The Gilberton pole system is easy to assemble. Drive rebar into the ground, leaving two feet above ground. Attach to the end of the conduit. Tighten upper, shorter screw against the coupler. Slip coupler over rebar. Tighten lower, longer screw against the rebar. Clean pole with steel wool and coat it with furniture polish. Add baffle if needed.
The Xbox is place onto the Gilbertson conduit/rebar pole, ready to become home for bluebirds and others.
Frequently Asked Questions
Advice varies but these answers come from the most recent research I could find.
Bluebirds tend to nest at the edge of forests or other wooded areas as well as in open country backyards. They prefer to nest away from humans, pets, as well as other birds that are competing for the same food resources.
Yes, some bluebirds nest in the winter months. Eastern bluebirds may nest as early as February and continue until early fall, raising two to three broods each year.
Yes, bluebirds will reuse their nests. If you have provided a nesting box, be sure to clean it out thoroughly between broods, when the juveniles have fledged, to prevent the spread of disease.
A bluebird nesting box should be made from natural, untreated wood and not painted or stained. Bluebirds will recognize a well-designed nesting box by the shape, dimensions, size of the entry hole, and location, not the color. Dark wood may retain too much heat for the babies to survive.
The entry hole to a bluebird nesting box should be 1 9/16-inch (first choice) or 1 1/2-inch in diameter.
Perches are not necessary on bluebird nesting boxes and are considered unsafe because they help predators access the nest inside. A clear flight path to the box will allow the bluebirds to go to and from without any need for a perch.
Bluebirds like their nesting boxes in open, sunny areas with a clear flight path. Face the entry hole where it will get full sun. Avoid areas that get shade if possible.
Bluebird nesting boxes should be spaced at least 125 yards apart. Bluebirds do not like competition for their food sources which means they naturally keep distance between nests. When placed closer together, the boxes made be used by non-competing species including chickadees and titmice but they will not be occupied by more than one mating pair of bluebirds.
There are a few reasons why bluebirds may not use a nesting box.
Are they commonly found in your area? If not, a box is not going to attract them.
If they do live locally, is your nesting box specifically designed for bluebirds? Every bird species needs a box designed specifically for their unique needs.
The box should be securely mounted on a pole, at least 5 to 10-feet off the ground, in an open, sunny area away from your house, people, or pets with a clear flight path to and from the box.
The surrounding gardens should be pesticide-free and provide plenty of food (insects, fruits, berries) to sustain the bluebirds and their young.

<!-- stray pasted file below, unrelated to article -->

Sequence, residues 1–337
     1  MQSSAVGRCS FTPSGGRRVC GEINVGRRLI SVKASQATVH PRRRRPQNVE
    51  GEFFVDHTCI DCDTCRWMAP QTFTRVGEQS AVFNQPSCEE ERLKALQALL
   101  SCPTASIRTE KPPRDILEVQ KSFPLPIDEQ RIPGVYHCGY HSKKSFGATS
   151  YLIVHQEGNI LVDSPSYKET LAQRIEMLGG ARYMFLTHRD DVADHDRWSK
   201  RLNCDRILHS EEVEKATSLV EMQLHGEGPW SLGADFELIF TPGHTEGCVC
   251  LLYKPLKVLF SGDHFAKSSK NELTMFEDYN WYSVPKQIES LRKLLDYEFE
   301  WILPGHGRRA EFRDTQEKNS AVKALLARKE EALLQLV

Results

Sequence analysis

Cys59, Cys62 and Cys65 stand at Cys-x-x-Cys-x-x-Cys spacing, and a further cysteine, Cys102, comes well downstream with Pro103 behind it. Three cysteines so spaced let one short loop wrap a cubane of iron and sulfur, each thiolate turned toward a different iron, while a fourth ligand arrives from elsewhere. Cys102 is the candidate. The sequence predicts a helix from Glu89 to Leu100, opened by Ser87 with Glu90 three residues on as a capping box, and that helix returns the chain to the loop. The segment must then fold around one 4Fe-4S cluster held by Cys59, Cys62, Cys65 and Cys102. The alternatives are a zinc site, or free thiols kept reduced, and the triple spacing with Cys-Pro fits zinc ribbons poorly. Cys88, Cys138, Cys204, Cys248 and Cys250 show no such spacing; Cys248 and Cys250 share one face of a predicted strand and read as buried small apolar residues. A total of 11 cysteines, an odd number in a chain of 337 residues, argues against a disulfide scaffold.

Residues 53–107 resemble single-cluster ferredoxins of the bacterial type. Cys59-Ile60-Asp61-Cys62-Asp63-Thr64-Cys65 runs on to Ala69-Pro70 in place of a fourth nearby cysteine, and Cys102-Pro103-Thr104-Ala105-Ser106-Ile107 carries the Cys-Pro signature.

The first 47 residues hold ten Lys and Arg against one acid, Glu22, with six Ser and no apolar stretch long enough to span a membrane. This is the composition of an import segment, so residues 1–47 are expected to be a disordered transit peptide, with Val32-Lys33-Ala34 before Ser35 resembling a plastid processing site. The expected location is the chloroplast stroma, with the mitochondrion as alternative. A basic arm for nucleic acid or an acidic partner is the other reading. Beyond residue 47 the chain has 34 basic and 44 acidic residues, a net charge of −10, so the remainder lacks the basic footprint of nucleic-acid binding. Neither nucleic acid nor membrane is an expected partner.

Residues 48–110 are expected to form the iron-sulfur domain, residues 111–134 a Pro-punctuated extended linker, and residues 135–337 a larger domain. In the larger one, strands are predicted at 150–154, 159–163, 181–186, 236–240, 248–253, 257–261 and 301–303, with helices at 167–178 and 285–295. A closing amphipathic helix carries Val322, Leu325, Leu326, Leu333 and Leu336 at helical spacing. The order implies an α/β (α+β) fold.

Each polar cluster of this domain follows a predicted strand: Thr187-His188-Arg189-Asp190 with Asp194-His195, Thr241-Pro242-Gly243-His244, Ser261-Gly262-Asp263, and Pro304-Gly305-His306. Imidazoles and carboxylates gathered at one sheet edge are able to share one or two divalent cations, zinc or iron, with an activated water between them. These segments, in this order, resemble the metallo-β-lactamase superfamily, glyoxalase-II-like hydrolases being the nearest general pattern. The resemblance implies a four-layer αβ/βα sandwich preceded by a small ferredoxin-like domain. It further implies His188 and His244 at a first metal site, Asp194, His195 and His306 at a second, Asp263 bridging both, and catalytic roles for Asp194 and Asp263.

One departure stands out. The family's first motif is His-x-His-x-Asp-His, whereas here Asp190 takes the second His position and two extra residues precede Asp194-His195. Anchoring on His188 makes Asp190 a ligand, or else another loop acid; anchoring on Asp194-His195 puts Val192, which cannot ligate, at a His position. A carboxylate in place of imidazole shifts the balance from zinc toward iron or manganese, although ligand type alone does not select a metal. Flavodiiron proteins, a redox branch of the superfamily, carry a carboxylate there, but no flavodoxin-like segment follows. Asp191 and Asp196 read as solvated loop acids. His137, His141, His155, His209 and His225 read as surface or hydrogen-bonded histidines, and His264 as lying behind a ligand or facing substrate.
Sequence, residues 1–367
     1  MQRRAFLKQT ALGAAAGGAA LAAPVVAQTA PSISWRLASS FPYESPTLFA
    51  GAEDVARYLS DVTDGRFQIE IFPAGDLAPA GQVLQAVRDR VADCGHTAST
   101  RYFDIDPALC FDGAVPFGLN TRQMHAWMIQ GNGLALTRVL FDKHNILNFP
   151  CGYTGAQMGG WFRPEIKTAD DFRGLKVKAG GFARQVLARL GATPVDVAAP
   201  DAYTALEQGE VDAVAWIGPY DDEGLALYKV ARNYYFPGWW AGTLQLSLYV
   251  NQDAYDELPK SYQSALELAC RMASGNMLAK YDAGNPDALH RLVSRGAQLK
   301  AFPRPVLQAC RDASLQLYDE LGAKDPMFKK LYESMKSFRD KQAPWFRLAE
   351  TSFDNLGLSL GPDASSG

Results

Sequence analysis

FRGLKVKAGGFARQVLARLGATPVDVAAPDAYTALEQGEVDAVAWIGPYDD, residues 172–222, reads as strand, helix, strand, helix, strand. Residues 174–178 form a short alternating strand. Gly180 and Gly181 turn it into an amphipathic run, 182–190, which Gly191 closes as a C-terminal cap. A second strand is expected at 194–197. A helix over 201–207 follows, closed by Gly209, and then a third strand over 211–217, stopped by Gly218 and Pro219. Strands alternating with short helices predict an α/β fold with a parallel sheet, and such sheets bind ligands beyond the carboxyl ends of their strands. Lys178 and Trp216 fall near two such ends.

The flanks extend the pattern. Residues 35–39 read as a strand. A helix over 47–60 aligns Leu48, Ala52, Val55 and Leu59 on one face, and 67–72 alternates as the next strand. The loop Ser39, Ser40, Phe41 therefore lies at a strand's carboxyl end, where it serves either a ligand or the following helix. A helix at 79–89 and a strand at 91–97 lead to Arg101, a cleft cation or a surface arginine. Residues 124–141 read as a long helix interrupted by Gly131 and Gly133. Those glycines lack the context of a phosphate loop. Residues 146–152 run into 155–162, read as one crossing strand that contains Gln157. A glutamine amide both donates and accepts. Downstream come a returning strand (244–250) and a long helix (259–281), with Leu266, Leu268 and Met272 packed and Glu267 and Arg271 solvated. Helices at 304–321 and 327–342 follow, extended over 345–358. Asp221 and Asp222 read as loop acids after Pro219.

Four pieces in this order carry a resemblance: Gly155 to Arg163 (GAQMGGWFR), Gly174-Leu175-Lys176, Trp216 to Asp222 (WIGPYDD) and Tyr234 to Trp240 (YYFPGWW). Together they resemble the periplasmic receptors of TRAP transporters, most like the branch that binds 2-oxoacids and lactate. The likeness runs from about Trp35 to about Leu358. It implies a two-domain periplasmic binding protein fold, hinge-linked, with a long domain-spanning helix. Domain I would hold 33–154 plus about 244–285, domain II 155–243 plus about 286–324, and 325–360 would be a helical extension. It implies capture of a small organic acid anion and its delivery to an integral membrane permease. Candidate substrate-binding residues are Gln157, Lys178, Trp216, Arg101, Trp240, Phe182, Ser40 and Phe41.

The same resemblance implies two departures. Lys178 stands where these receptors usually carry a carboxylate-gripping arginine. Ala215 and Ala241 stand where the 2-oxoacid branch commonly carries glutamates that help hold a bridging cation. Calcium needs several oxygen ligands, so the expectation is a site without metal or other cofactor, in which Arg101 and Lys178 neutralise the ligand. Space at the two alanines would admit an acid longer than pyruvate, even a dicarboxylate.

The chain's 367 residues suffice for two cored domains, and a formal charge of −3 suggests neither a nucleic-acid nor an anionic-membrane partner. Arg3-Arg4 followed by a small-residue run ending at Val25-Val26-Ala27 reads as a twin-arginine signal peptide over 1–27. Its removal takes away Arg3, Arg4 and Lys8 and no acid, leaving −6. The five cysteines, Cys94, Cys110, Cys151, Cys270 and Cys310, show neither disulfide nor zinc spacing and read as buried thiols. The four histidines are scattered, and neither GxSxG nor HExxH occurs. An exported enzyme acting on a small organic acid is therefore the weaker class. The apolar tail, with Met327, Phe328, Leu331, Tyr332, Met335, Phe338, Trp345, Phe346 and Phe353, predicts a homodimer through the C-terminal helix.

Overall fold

If all these things are in place, it can still take several nesting seasons for birds to finally use an available nesting box. Building trust takes time.
House sparrows may also bully bluebirds and disturb their nests.
Get the Book
The Audubon Birdhouse Book includes plans for building and locating nesting boxes for:
- Berwick’s, Carolina, or House Wren
- Prothonotary Warbler
- Eastern, Western, or Mountain Bluebird
- Ash-throated or Great Crested Flycatcher
- Tree Swallow or Violet-green Swallow
- Juniper, Oak, Black-Crested, or Tufted Titmouse
- Barred Owl
- Eastern or Western Screech Owl
- Barn Owl
- Norther Flicker
- American Kestrel
- Black-capped, Carolina, or Mountain Chickadee
- Wood Duck
- Hooded Merganser
- Purple Martin
- Mourning Dove
- Barn Swallow
- American Robin
- House Finch
- Eastern or Say’s Phoebe
Find out which species are present in your area and build one a home.
Here is some footage from my backyard bird camera:
Attracting Wild Birds to Your Garden
Just like us, birds need food and shelter.
- Grow a diverse selection of plants including flowers, trees and shrubs that support the web of life.
- Grow bugs. Many bird species eat a lot of insects and other invertebrates.
- An eco-beneficial garden is a “messy” garden: dead and decaying things nourish life.
- Provide fresh water. Puddles and ponds both help.
- Avoid the use of any products toxic to birds and their food sources including caterpillars.
- Keep pets out of your garden.
- Decorative birdhouses are not safe for birds.
- Use nesting boxes intended to safely house specific bird species.
- If using feeders, provide clean fresh water and the right types of seed.
- Clean bird feeders frequently. Remove feeders immediately if you notice any sign of disease or problems like salmonella, trichomoniasis, aspergillosis, or avian pox are reported in your area.
TIP: Use a wildlife camera with a motion sensor in your garden to get a candid look at life in your garden.
~Melissa the Empress of Dirt ♛